Enterprise architecture methodology should start with broad vision

An enterprise architect shouldunderstand the entire enterprise before depending on IT for solutions. Read how this methodology applies to BPM, and why BPM can't rely on technology alone.

This is part one in our series, Roles of the Enteprise Architect with Business Process Management (BPM).

 

In a literal sense, an enterprise architecture should span the entire enterprise. As such, an enterprise architect should have an understanding of the entire enterprise before trying to solve individual problems with technology.

"A common mistaken view is that enterprise architecture is the architecture of enterprise IT. IT is a very small subset of the enterprise," said Tom Graves, an enterprise architect with Tetradian, a Colchester, England-based consultancy.

IT architects need to let go of the assumption that they're the center of the world.
Tom Graves
Enterprise ArchitectTetradian

 Graves advocates that the enterprise architect starts by understanding the enterprise as a whole, including the ways in which the enterprise extends from the organization of the company. "From supplier's supplier to customer's customer; and partners who are sideways in another direction; and non-clients and ex-clients—when I look at enterprise architecture I'm starting from there, not from somewhere deep inside the IT system."

Graves suggested that an enterprise architecture which starts from the outside and looks in keeps an organization from relying too heavily on technology. "I'm looking at the human aspect as much as the technology aspect," he said. "The danger with an IT-centric view is it means we assume the solution has an IT-based solution. But there are many situations where that is not helpful."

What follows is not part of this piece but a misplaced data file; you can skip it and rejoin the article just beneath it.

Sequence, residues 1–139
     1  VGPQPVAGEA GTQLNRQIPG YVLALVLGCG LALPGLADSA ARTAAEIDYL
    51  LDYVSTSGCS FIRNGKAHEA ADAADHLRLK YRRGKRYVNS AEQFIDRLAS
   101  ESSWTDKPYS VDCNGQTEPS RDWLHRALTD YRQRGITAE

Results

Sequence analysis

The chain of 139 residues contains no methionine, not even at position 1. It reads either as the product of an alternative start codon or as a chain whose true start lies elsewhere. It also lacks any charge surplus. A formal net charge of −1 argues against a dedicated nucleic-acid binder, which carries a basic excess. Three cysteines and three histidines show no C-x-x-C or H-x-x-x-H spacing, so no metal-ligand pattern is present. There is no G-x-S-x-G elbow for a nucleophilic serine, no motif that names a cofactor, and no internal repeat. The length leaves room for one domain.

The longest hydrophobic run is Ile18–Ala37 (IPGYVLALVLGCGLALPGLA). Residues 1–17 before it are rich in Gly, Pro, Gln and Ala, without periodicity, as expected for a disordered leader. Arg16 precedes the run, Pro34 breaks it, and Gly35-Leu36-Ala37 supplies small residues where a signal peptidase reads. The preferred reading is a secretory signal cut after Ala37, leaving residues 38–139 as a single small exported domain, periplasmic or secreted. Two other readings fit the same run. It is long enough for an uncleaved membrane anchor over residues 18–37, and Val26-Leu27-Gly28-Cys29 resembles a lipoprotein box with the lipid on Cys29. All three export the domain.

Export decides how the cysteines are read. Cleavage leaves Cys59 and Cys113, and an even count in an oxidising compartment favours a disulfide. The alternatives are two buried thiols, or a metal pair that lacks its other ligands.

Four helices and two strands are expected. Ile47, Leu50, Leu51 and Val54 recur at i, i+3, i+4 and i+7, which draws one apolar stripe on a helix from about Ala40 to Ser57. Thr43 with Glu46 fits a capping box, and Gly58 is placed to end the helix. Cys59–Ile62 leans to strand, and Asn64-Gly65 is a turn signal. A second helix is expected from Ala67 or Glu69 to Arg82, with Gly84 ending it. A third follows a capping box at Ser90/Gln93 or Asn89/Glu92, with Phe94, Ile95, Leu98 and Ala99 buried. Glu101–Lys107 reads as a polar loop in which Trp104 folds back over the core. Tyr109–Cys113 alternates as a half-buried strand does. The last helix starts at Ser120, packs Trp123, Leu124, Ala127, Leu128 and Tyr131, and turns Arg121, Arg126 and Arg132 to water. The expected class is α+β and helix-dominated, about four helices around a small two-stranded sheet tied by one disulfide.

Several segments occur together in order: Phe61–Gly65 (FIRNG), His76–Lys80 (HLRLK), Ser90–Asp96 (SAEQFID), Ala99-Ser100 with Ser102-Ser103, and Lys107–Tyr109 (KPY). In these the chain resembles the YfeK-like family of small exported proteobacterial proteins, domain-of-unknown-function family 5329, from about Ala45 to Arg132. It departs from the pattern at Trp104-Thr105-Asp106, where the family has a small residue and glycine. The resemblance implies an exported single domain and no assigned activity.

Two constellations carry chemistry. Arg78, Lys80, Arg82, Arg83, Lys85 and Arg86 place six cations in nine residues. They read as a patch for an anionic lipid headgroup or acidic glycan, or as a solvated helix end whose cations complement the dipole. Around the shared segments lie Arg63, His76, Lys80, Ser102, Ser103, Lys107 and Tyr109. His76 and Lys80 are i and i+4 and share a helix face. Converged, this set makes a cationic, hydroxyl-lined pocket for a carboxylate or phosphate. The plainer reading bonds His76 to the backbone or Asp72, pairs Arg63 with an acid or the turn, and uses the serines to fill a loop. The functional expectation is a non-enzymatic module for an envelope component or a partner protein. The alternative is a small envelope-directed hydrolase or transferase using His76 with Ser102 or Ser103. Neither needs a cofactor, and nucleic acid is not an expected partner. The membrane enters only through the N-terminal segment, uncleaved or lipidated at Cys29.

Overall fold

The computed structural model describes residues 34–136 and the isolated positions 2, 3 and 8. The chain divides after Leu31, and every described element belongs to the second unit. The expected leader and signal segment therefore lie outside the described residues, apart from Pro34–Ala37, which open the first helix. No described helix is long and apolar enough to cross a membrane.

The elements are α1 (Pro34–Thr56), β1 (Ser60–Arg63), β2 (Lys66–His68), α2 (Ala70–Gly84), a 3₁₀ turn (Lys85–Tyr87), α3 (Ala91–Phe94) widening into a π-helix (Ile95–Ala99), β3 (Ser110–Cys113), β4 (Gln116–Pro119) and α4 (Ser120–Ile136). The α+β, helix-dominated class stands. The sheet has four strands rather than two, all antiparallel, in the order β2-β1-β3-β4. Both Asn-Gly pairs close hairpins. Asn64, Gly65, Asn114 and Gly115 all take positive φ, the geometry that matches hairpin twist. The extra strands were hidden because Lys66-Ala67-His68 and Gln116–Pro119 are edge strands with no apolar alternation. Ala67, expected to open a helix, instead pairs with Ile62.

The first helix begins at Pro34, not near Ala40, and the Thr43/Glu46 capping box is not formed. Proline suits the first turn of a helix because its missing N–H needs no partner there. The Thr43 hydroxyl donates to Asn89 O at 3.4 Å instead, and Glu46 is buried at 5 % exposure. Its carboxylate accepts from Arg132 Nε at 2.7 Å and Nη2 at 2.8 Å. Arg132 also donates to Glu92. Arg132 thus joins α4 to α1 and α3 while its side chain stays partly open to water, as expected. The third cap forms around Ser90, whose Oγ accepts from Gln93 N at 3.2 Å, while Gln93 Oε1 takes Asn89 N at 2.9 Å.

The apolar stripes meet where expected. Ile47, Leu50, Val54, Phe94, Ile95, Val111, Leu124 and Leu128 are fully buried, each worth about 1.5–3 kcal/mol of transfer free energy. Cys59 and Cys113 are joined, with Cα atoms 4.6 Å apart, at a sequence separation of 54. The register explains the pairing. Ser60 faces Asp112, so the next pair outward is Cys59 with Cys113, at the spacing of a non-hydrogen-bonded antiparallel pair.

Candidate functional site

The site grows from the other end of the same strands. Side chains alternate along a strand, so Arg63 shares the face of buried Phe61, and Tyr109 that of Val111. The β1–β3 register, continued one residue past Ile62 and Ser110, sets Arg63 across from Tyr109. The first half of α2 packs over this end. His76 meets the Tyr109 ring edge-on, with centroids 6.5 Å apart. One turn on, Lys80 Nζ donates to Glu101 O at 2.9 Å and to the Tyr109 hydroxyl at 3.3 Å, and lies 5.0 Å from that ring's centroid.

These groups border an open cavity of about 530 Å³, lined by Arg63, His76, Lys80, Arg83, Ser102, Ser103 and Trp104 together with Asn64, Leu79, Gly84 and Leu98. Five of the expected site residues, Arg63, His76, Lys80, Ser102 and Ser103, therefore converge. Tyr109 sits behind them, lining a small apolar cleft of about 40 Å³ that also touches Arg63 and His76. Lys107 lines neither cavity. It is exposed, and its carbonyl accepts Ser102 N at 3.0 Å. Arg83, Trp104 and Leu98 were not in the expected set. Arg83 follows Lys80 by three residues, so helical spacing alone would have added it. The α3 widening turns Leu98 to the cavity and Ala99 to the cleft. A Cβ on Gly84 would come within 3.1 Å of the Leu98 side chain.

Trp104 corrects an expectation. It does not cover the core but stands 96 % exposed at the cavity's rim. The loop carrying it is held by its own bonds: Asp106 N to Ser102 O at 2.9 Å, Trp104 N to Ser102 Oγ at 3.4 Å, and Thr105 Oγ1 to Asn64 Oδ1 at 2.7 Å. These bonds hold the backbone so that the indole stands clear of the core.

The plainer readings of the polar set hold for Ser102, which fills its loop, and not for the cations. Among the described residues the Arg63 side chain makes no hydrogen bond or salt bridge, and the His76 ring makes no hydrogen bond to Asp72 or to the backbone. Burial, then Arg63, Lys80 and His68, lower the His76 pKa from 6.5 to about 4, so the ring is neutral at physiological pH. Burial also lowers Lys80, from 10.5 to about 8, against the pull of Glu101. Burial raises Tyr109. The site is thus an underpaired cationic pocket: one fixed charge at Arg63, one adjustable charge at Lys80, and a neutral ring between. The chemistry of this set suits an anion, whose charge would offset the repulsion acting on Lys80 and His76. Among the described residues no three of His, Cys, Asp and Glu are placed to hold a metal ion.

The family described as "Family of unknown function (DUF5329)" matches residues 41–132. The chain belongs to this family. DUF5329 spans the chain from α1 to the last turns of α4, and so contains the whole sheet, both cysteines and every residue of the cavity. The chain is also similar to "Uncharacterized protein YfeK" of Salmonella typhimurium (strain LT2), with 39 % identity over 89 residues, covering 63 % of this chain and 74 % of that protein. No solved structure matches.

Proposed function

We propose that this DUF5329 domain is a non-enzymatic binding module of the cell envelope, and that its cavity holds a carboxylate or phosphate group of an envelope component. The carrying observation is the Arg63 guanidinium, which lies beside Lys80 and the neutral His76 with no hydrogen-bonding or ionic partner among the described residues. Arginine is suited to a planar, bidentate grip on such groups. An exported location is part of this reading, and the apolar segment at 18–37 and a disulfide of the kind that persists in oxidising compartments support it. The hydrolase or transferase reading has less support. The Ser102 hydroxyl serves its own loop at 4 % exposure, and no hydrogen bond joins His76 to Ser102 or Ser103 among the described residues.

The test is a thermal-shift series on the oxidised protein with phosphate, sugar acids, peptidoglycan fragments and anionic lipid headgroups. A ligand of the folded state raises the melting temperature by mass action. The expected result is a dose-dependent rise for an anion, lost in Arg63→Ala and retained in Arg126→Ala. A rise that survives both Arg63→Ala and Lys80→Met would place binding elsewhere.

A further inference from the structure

"IT architects need to let go of the assumption that they're the center of the world," said Graves. "What they're doing is important, yet it's not central. It's not the reason the organization exists."

When it comes to business process management (BPM), Graves affirmed the importance of keeping people involved. "When you design a process, design it with the assumption that it is going to fail. Have people at a level where they can take over at a higher level than the machine."

Graves relayed an example he encountered where an organization suffered for not having the human ability to override an exception: A child welfare monitoring agency in Britain implemented a CRM system that tracked incidents in which a child was threatened. A journalist discovered that 10 instances had gone unattended for two and half months and suggested the agency was negligent. As it turned out, a single instance against a pregnant woman had come up and was appropriately handled by the agency—but because the process required the child's date of birth to be entered, and the child in question was not yet born, the CRM system was unable to close the case and instead kept regenerating it.

"They had no way of doing an override," said Graves. "There has to be a way of handling exceptions that isn't automated. You can't automate everything."

The Role of Enterprise Architects in Business Process Management (BPM)

Part 1: Enterprise architecture methodology should start with broad vision
Part 2: Enterprise architects must look outside the boundaries of the project
Part 3: Enterprise architects can use BPMN as a common language for process modeling

Additional Resources
Leading an architecture-first mandate
Often, the IT infrastructure of a business will not support continued growth. Author JP Morganthal argues that an "architecture first" mandate supports growth and continued usability of the IT infrastructure.

Enterprise architecture is more than a technology
Enterprise architects are no longer thought of as the custodians of information technologies. Instead, they are being seen as the custodians of capabilities. This means architects must understand fits in the greater enterprise.

Tom Graves: Ramblings over the Metaphoric Edge
Tom Graves writes about enterprise architecture on his blog. He often focuses on the human aspects of enterprise architecture and fostering a better understanding on how much the enterprise architect should know and do.


This was first published in February 2010

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